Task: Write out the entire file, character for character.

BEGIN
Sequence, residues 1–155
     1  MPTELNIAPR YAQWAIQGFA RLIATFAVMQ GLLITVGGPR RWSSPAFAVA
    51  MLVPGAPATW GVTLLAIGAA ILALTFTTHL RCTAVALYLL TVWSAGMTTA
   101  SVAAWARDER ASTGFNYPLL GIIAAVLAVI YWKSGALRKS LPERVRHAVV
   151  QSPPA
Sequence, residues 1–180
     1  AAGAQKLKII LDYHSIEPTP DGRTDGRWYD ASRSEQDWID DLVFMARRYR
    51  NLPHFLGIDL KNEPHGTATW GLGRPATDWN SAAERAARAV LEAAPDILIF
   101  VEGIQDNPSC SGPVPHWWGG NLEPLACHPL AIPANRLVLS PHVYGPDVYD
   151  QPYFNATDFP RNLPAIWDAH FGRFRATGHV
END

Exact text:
Sequence, residues 1–155
     1  MPTELNIAPR YAQWAIQGFA RLIATFAVMQ GLLITVGGPR RWSSPAFAVA
    51  MLVPGAPATW GVTLLAIGAA ILALTFTTHL RCTAVALYLL TVWSAGMTTA
   101  SVAAWARDER ASTGFNYPLL GIIAAVLAVI YWKSGALRKS LPERVRHAVV
   151  QSPPA
Sequence, residues 1–180
     1  AAGAQKLKII LDYHSIEPTP DGRTDGRWYD ASRSEQDWID DLVFMARRYR
    51  NLPHFLGIDL KNEPHGTATW GLGRPATDWN SAAERAARAV LEAAPDILIF
   101  VEGIQDNPSC SGPVPHWWGG NLEPLACHPL AIPANRLVLS PHVYGPDVYD
   151  QPYFNATDFP RNLPAIWDAH FGRFRATGHV